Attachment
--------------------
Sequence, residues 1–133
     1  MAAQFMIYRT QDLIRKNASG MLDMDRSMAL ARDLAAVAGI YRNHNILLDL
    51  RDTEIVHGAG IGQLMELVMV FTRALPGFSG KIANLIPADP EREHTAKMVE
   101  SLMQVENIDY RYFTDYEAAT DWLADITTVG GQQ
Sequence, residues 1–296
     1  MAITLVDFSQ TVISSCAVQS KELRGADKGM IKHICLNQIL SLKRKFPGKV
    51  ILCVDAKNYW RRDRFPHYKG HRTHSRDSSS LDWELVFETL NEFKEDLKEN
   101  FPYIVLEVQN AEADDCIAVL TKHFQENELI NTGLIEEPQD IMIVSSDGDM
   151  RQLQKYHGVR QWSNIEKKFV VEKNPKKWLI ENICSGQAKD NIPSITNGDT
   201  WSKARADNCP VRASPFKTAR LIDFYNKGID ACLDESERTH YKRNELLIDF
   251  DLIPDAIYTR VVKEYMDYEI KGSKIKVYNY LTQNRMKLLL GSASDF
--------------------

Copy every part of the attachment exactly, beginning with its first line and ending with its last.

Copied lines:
Sequence, residues 1–133
     1  MAAQFMIYRT QDLIRKNASG MLDMDRSMAL ARDLAAVAGI YRNHNILLDL
    51  RDTEIVHGAG IGQLMELVMV FTRALPGFSG KIANLIPADP EREHTAKMVE
   101  SLMQVENIDY RYFTDYEAAT DWLADITTVG GQQ
Sequence, residues 1–296
     1  MAITLVDFSQ TVISSCAVQS KELRGADKGM IKHICLNQIL SLKRKFPGKV
    51  ILCVDAKNYW RRDRFPHYKG HRTHSRDSSS LDWELVFETL NEFKEDLKEN
   101  FPYIVLEVQN AEADDCIAVL TKHFQENELI NTGLIEEPQD IMIVSSDGDM
   151  RQLQKYHGVR QWSNIEKKFV VEKNPKKWLI ENICSGQAKD NIPSITNGDT
   201  WSKARADNCP VRASPFKTAR LIDFYNKGID ACLDESERTH YKRNELLIDF
   251  DLIPDAIYTR VVKEYMDYEI KGSKIKVYNY LTQNRMKLLL GSASDF